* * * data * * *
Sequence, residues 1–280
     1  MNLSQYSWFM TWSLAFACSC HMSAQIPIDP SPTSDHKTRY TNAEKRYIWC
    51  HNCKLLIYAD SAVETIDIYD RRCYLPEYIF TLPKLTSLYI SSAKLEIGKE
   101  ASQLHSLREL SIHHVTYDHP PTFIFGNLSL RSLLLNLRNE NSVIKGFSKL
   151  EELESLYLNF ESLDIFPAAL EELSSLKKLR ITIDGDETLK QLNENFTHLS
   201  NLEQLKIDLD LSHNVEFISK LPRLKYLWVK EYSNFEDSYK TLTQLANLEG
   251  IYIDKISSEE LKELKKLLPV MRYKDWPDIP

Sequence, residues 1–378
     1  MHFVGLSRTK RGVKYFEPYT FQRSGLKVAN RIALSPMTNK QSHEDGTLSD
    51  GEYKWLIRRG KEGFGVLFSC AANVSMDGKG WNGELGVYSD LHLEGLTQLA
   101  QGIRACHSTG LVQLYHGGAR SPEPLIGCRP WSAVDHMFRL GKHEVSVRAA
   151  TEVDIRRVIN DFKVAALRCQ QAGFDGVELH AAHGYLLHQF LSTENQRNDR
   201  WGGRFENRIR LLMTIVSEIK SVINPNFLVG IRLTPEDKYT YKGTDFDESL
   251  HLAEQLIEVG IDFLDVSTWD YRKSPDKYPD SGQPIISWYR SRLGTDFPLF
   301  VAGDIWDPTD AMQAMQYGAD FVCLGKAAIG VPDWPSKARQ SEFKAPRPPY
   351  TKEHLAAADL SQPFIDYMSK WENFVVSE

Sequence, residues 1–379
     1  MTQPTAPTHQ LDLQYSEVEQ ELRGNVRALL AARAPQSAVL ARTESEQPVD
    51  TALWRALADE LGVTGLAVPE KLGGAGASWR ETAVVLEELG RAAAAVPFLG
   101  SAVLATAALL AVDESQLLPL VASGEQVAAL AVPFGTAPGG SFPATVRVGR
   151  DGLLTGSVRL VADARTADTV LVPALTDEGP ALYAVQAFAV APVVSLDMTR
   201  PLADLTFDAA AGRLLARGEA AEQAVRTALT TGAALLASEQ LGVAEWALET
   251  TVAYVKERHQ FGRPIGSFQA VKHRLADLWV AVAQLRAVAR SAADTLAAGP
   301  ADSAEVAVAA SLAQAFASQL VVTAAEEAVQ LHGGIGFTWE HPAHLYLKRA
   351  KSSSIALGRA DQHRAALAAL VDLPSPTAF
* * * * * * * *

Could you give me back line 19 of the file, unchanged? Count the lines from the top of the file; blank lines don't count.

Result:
    51  TALWRALADE LGVTGLAVPE KLGGAGASWR ETAVVLEELG RAAAAVPFLG